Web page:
There must be more navigational obstructions in the form of pot buoys in that stretch of water than anywhere else in the world. Best of luck.

Like her wind powered brethren I think our Spirit of Tradition power boat should define performance broadly. Fast certainly, but also efficient, as quiet as possible (yes, in this case I am talking about twin bigs) and with great emphasis placed on aesthetics. There’s probably a multi-hull solution to this challenge though I have yet to draw or see one drawn that looks the part. Given the list of attributes it sure feels like the classic commuter yacht is a good place to start. And of course, like most things worth doing in the field of yacht design, Bruce King got there first. Bruce King, Gerard Dijkstra, Andre Hoek and a few others created the first and many of the most compelling Spirit of Tradition designs in sail. Here’s Mr. King’s LIBERTY launched in 1996 by Hodgdon Yachts, just down road from here.

What does it say that at 75 years old Purdy Boat Company’s APHRODITE sits squarely in my Spirit of Tradition Category for powerboats?

And what is it with wealthy predominantly white American males naming yachts named after vanquished Native Americans? It’s always struck me as just a little bit off color… but aside from the name, Van Dam Custom boats nailed it with GERONIMO.

And though the genre was invented here, we’re evidently not the only ones who can carry it off. Latitude 46 yachts acquitted themselves nicely with the Andreyale 15.

Then there’s Doug Zurn’s VENDETTA, which if I’m not mistaken is the second timeless power boat design he produced for pianist, singer/songwriter, and yacht aficionado Billy Joel. Credit to Mr. Joel for recognizing talent when he saw it. As far as Doug’s work goes his sailboats are gorgeous but you won’t find a better eye for powerboat design anywhere.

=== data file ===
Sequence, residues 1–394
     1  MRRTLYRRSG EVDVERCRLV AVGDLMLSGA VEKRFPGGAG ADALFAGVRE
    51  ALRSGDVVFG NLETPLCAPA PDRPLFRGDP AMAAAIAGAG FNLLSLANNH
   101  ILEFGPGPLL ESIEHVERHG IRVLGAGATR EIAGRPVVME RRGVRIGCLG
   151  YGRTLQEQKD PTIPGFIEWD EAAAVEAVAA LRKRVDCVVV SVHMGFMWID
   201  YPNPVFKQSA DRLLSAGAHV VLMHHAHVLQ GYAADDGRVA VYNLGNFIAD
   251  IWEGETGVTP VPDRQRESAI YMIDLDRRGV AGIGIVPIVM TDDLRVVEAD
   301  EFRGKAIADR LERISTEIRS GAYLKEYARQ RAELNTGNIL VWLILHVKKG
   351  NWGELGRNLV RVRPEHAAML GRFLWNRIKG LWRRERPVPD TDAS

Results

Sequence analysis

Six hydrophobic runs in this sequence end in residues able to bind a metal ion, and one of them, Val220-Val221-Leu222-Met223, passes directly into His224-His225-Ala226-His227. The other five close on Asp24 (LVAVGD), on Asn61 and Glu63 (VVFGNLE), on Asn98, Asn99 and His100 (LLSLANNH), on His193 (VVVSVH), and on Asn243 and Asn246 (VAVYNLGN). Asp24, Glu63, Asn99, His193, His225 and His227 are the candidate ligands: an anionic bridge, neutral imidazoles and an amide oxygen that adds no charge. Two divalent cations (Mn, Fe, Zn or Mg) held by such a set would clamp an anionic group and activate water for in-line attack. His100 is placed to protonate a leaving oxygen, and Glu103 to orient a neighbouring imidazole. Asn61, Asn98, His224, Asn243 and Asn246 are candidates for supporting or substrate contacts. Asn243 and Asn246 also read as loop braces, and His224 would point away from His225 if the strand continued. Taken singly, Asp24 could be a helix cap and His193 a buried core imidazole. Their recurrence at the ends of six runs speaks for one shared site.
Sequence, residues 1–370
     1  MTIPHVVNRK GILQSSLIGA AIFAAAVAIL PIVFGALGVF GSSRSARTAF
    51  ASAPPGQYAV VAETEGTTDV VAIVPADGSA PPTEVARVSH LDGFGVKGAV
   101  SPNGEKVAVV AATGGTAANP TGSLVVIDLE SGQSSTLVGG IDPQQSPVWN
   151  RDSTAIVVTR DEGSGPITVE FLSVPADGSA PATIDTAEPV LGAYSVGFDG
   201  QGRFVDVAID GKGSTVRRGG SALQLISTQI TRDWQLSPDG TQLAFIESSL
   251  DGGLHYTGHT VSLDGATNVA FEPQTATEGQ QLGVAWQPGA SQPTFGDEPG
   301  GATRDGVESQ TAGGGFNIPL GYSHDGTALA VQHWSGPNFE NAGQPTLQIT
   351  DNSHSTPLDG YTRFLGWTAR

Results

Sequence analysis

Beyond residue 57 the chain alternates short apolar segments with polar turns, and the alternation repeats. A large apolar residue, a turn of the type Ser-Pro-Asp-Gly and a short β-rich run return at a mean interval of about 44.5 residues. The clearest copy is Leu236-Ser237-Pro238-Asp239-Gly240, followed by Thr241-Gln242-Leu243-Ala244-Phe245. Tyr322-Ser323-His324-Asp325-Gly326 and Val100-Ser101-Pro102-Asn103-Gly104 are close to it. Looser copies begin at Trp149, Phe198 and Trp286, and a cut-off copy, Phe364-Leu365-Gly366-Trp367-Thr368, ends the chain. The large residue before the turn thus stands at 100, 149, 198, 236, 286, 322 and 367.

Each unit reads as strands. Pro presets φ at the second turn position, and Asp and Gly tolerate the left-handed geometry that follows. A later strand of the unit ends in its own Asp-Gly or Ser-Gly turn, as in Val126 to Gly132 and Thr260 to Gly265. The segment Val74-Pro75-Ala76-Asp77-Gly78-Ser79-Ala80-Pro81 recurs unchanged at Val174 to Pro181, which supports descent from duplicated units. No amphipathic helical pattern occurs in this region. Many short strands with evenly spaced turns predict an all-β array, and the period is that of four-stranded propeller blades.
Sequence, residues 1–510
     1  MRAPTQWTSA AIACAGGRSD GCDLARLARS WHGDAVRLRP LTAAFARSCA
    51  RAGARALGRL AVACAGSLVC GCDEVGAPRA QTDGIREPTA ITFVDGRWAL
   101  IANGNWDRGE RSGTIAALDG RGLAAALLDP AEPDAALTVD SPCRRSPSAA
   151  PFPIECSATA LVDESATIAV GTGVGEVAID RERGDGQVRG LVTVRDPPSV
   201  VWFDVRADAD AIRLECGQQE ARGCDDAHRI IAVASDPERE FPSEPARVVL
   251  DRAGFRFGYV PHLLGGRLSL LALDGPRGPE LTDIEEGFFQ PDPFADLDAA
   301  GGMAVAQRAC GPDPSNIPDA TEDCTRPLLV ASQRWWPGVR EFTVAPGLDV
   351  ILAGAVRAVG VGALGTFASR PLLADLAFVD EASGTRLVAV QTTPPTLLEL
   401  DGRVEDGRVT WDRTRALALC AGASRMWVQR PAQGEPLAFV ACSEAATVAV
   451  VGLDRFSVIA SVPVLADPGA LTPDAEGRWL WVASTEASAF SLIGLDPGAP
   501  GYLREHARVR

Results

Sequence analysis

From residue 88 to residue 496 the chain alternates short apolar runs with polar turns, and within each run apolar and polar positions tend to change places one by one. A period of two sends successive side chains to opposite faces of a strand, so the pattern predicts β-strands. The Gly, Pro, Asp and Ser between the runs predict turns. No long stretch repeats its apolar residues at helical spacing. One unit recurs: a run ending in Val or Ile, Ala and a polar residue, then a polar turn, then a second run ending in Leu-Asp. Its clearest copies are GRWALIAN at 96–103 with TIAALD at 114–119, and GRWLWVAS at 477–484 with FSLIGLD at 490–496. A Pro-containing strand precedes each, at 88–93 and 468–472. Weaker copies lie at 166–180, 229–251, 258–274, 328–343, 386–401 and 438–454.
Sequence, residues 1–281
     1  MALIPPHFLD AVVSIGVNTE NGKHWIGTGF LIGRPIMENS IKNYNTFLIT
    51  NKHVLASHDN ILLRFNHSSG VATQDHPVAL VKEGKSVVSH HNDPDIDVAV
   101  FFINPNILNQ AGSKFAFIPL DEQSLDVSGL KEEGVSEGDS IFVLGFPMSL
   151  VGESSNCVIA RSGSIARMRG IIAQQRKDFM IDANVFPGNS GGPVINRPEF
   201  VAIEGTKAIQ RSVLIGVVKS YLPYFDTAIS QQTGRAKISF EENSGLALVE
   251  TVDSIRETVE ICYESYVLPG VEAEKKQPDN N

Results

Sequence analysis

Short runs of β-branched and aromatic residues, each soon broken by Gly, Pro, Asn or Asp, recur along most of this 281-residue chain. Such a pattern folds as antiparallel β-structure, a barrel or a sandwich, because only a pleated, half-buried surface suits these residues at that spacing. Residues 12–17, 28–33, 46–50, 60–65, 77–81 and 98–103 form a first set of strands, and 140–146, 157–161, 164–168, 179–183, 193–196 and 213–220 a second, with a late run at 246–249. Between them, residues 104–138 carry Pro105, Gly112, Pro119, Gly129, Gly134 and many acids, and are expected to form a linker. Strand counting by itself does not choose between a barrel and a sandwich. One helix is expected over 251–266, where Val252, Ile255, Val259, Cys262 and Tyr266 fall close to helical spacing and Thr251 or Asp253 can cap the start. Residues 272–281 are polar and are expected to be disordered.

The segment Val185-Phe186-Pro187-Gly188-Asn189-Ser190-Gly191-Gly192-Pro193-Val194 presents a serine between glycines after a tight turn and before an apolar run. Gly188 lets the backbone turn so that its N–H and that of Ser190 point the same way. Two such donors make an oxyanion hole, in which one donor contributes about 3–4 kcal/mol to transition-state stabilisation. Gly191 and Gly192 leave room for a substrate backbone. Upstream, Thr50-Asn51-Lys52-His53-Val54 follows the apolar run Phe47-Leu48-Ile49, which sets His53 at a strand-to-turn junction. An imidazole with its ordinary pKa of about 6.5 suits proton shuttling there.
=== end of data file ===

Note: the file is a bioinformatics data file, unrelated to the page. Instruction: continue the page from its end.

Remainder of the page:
Here is a second look at the S&S Classic PHOENIX.

And finally here is Sidney Herreshoff’s SHEERNESS. One definition of timeless might be that your design is breathtaking even in an enlarged grainy scan of a black and white photo with screwy grayscale contrast.

So as far as I am concerned that’s the bar. Still I think there are a few things we can do to inch it upward. To that end here is our 80’ LOA Spirit of Tradition commuter SHADOW. Let’s plan on Volvo Marine’s steerable, forward facing duoprop innovation IPS drives for improved low speed maneuverability, considerable installation and operational simplicity, and dramatic efficiency improvements, compared to the standard marine drive train.

Beauty is in the eye of the beholder, but good looks alone aren’t going to bring this thing to pass. As gorgeous as APHRODITE and LIBERTY are, let’s remember that Andre Hoek’s definition mentioned low maintenance. Look, it’s still an 80’ powerboat that at full throttle consumes more fuel per person than a Boeing 777, I’m just saying that if we can look the part without entire square miles of varnish I think that could be compelling to a potential owner. Also, I have a hard time picturing the client for these boats entirely happy with a 9’ lapstrake tender as the only way to and from shore. Yes, I know, a boat like this lives at its own dock, but that’s just because owners aren’t taking these things far enough afield. I think there’s room in this concept to accommodate a pretty serious rigid bottom inflatable which makes real cruising much more palatable for a wider audience. I designed around a Zodiac but choose your favorite and I bet we can make it fit…and yes, that’s a jet ski on the aft cabin top. The crowd monitoring the Wooden Boat Forum crucified me for incorporating a Stidd chair on my LAYLA, so I can’t wait to hear the reaction to the Zodiac and the jetski. My reasoning? Granted you’re not going to make any friends up here in Pulpit Harbor when your kids launch that thing and start zipping around…but there are lots of other places in the world where you can do it without raising eyebrows… and besides when you receive an invitation to serve as the committee boat for the Eggemoggin Reach Regatta the mast and boom will work just as well launching and retrieving a varnished Lawley tender.